It turns out that the points are all distinct, so there are infinitely many rational points on this curve.
Let be the group of rational points on the elliptic curve. There is a very deep theorem about the structure of that was proved by Mordell in 1922. (Its generalization to higher-dimensional varieties, which will not be discussed in this wiki, was due to Weil.)
Let be an elliptic curve defined over the rational numbers. Then the set of rational points on the curve, is finitely generated. That is, there is a finite set of rational points such that any rational point on can be written as , for some integers .
General abelian group theory implies that there is a nonnegative integer and rational points such that every rational point can be written uniquely as a sum where is a torsion point. A torsion point is a point such that for some positive integer .
The integer is called the rank of .
If is the curve it turns out that and there are only two torsion points, namely (which is always a torsion point) and , which satisfies . The point is not a torsion point, and in fact every point can be written uniquely as , where is any integer and or . (These facts are by no means obvious.)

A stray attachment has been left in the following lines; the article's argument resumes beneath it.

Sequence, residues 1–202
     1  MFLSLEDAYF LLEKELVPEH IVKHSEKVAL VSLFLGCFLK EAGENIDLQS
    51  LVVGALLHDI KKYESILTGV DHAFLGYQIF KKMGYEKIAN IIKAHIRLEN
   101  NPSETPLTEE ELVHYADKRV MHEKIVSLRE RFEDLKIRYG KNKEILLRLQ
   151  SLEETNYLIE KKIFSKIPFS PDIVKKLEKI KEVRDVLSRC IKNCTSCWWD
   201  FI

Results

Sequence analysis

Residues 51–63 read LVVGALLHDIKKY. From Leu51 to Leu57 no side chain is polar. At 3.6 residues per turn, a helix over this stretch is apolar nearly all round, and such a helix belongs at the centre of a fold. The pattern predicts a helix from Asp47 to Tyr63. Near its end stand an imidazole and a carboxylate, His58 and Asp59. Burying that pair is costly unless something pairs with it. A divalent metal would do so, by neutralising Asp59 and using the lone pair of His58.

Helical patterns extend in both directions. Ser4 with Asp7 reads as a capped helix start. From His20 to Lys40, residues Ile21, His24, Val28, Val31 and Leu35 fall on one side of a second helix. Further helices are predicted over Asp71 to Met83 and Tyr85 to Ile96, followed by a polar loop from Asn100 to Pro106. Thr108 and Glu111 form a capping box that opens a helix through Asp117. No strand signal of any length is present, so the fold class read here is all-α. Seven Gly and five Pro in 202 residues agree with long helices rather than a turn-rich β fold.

Computing the rank of a given elliptic curve is a difficult computational problem, and there are not effective algorithms for the computation in the general case. The torsion subgroup is not as difficult to compute, and there is in fact a very short list of the possible numbers of torsion points.
(Mazur, 1976) The number of torsion points in is either or .
(In fact the theorem proves slightly more, in that it gives the structure of the group in each case. The group is either cyclic of order or or a direct sum of a cyclic group of order and a cyclic group of even order every possibility actually occurs.)
Let be the elliptic curve . Then has exactly five torsion points, the point at infinity and the four points obtained by setting both sides of the equation equal to . That is, It turns out that the rank of is zero, so these are the only rational points on the curve.